The US Department of Homeland Security has issued a Security Vulnerability alert in relation to Java 7.
This is a confirmed alert and at this time we are recommending that everyone simply uninstall Java from their systems immediately.
At this time, there is no known fix, although Java says will be released soon.
Java 7 Update 10 and earlier Java 7 versions contain an unspecified vulnerability that can allow a remote, unauthenticated attacker to execute arbitrary code on a vulnerable system.
The Oracle Java Runtime Environment (JRE) 1.7 allows users to run Java applications in a browser or as standalone programs. Oracle has made the JRE available for multiple operating systems.
The Java JRE plug-in provides its own Security Manager. Typically, a web applet runs with a security manager provided by the browser or Java Web Start plugin. Oracle’s document states, “If there is a security manager already installed, this method first calls the security manager’s checkPermission method with aRuntimePermission("setSecurityManager") permission to ensure it’s safe to replace the existing security manager. This may result in throwing a SecurityException".By leveraging the a vulnerability in the Java Management Extensions (JMX) MBean components, unprivileged Java code can access restricted classes. By using that vulnerability in conjunction with a second vulnerability involving the Reflection API and the invokeWithArguments method of the MethodHandle class, an untrusted Java applet can escalate its privileges by calling the the setSecurityManager() function to allow full privileges, without requiring code signing. Oracle Java 7 update 10 and earlier Java 7 versions are affected. The invokeWithArguments method was introduced with Java 7.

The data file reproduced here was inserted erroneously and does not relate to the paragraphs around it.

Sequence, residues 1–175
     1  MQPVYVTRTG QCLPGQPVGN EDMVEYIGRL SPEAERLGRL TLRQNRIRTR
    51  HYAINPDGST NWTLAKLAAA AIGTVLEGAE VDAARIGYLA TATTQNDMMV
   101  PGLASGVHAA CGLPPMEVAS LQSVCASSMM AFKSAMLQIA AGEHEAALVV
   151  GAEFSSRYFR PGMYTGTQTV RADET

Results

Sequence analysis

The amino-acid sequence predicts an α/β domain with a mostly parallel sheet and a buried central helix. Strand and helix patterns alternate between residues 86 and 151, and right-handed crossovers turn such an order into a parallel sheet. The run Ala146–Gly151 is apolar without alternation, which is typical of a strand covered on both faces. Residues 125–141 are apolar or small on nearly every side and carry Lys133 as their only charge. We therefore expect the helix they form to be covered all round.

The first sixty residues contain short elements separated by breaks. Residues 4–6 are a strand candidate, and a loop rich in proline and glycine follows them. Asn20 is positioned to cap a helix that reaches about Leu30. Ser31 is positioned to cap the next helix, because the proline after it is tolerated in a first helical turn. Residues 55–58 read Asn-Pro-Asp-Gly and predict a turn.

This vulnerability is being attacked in the wild, and is reported to be incorporated into exploit kits. Exploit code for this vulnerability is also publicly available. We have confirmed that Windows, OS X, and Linux platforms are affected. Other platforms that use Oracle Java 7 may also be affected.
By convincing a user to visit a specially crafted HTML document, a remote attacker may be able to execute arbitrary code on a vulnerable system. Note that applications that use the Internet Explorer web content rendering components, such as Microsoft Office or Windows Desktop Search, may also be used as an attack vector for this vulnerability.
We are currently unaware of a practical solution to this problem. Please consider the following workarounds: